gear and of smaller diameter than the said first idler Vgear and corresponding to the radiusy of i an upperlevel for transfer of the elevator car -to the down shaftway, Aa curved cog rail at one cog rail for the driving gear, a second curved cog p rail at one end communicating with the vertical-cog rail for the idler gear, the radius of curvature of said rst mentioned curved cog rail being smaller than the radius of curvature of said second mentioned curved cog rail, the first mentioned curved cog rail spaced inwardly of the horizontal cog rail and the vertical cog rail for the driving gear at the point of tangency therewith, a second driving gear integrally driven with the first driving gear and of smaller diameter-than said first driving gear for mesh with theA first curved cog rail, a second idler gear integrally driven with the first idler gear Vfor mesh with the second curved cog rail and means for driving the elevator car including a driving gear and a second idler gear meshing therewith,
4. In an elevator system for an elevator car and having a pair of spaced vertical shaftways and a pair of spaced horizontal transfer shaftways at right angles to the .vertical shaftways, means for driving the elevator car through the shaftways including adriving gear and an i'dler gearmeshing therewith, a pair of spaced ver-` ticalcog rails in each vertical shaftway, one
of said vertical cog rails for mesh with the drive ing gear and the other of: said vertical cog rails. for mesh with the idler gear, a horizontal cog, rail in each horizontalshaftway and` at right angles to the vertical cog rai-ls, first mentioned,
curved rai-ls at one end communicating with eachv vertical cog rail for the driving gear and at the other end communicating with eachhorizontal cog rail' and: a second mentioned; curvedy cog rail at` one end communicating 'with the vertical cog rail for the idler gear, one of said curved cog4 rails being of shorter radius than: the otherV of said curved cog rails, saidA shorterv radius curved cog rail spaced inwardlyof the vertical cog rail connected thereby and the larger radius curved cog rail-continuing in-to the vertical cogra-ilV connected thereby.
5. In anelevator system-,for lan elevator car,
means for driving the car including a driving,
gear y,and an idler gear meshing therewith, an
up shaftway, a down shaftway, a horizontal'v transfer shaftway at an upper level. connecting said upand down-l shaftways',v a pivotedweighted member, normally closing; said horizontal shaftway. and opening said down shaftway, said switch on the upper surface-thereof having teeth for the car dri-vingl gear; said member being moved fromV normalposition to horizontaly position to open. said horizontal shaftway and close said down shaftway upon engagement of said. teeth on. the upper surface by the car driving gear and movement of said car over said upper surface. of the. member, saidmember being spontaneously returnableto-normal position andopen the, down shaftway, said. down shaftway being closed. upon disengagement. of said driving gear with said4 teeth on said upper surface, said: un-vv der surface of said member being curvedand teeth on the said curved under surface of the switch for engagement by theidler-gear.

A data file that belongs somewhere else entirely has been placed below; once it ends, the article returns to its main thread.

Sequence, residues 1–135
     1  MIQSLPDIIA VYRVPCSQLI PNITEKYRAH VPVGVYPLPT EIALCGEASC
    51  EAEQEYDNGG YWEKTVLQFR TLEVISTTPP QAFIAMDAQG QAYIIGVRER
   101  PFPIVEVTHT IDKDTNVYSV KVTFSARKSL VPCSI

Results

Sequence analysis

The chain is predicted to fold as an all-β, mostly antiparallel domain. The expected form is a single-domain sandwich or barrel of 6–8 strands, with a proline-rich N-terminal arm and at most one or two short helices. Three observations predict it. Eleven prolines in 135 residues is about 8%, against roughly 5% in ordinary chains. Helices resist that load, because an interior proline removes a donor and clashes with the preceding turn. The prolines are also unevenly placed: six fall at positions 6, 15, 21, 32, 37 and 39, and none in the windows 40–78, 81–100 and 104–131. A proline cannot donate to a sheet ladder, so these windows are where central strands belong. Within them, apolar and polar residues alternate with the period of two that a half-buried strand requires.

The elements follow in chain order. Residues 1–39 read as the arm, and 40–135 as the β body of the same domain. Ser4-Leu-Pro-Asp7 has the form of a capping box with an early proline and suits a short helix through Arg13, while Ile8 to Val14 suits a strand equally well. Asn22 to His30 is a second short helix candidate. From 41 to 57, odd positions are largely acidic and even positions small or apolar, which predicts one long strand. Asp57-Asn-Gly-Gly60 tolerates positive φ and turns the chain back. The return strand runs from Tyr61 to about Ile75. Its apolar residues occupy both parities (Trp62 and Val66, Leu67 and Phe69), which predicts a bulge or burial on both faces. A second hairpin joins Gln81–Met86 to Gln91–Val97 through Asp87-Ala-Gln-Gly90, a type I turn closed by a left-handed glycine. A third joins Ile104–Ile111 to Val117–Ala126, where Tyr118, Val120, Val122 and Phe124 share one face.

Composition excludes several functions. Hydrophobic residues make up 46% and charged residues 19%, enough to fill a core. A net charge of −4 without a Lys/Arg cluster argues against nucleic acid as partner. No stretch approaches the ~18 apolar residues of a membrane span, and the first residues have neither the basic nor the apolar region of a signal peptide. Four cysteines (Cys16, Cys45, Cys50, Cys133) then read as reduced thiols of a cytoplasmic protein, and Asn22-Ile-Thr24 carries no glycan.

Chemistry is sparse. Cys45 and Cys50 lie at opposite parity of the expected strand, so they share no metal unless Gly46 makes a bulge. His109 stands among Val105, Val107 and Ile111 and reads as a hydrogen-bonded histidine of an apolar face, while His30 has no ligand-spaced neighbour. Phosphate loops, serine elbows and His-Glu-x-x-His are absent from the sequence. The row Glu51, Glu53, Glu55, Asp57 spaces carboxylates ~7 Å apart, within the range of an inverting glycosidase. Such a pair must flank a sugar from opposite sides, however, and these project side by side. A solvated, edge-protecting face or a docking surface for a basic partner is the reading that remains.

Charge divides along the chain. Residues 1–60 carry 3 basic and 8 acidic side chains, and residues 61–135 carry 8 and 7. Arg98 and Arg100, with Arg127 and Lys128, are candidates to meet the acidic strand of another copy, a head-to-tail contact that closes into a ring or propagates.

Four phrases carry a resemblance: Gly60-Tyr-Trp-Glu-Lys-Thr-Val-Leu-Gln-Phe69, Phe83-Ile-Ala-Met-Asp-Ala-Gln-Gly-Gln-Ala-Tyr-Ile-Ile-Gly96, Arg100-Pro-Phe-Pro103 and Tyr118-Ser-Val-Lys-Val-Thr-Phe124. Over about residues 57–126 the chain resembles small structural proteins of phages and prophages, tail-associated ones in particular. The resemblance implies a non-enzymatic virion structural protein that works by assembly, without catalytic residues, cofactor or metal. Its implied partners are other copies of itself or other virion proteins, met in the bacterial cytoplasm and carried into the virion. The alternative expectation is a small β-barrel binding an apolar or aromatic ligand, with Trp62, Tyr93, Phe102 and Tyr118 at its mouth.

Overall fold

6. In an elevator system havingan elevator car,l means for dri-ving said car-including' a driving gear and anidler gear meshing therewith, a. system of cog rails:` engaged by the 'driving gear and idler gears, af pairA of vertical shaft;- ways and-a pair of. connecting horizontal shaft*- ways and, weightedmembers having elementsrin'. valignment with cog rails of the system thereof,
said elements upon. gravitation of the, members normally closing the horizontal shaftways, saidg;
system of cog rails arranged in continuity in the shaftways,- said' members having teeth.- onA the upper surface thereof continuing with the teeth of the cog rails,4 said upper surface-beingstraight and said teeth thereon being contin uous wi-th theteeth onthe aligned cog; rails uponopening a horizontal shaftway,l saidmem-bers.
being curved on theV undersur-facethereof and having teeth on sai-d. under surface, said teeth on said under surface being, continuous with. theteeth. on. an aligned cogl rail upon opening a:
down shaftway having an aligned cog rail;`
whereby the; carl may be transferred from one shaftway to another shaftway.
7. In an elevator system whereinv the elevator car may be. driven in .an -endless path,.. apa-ir ofV vertical' shaftways. connected by an; upper hori zontal shaftway and' a lower horizontal shaft-v way, and a pivoted weighted. element ineach horizontal shaftway, an element. in said mem.- ber in the path. of travel of said carr` normally-1.
8. In an elevator system wherein the elevator car may be driven in an endless. path, a pair. of vertical shaftwaysconnected by an upper. horizontal shaftway and a lower horizontal shaftway and a member in-ea'ch horizontal shaftway, said member having an element to open and' close said horizontal shaftway, said member normally closing the horizontal shaftway,` each element having an4 upper surface a-nd a lower surface, one of said surfaces in normal position of the. member engagedr upon movement of the car in .one direction for movement of the car through the horizontal shaftway in said direction and the other of saidsurfaces in nor'- mal position of the member for engagement upon movement ofthe car in the opposite direction.
to close the horizontal shaftway for movement oif the car therethrough in said opposite. direc@- t on.
9. In Van elevator system. having a third rail, an elevator carV having an'. electric motor for driving the car, a power:A cut-off lever having an upper element and a lower element extending from. apivot at the,Y centerof the lever, the; upperelement offset horizontally fromthe lowerelement atl the pivotand azswitch for opening and The following references are of' record in the file of'this patent:
v.UNITED STATES PATENTS i Number Name. Date 561,223 Hamilton June 2, 1896 f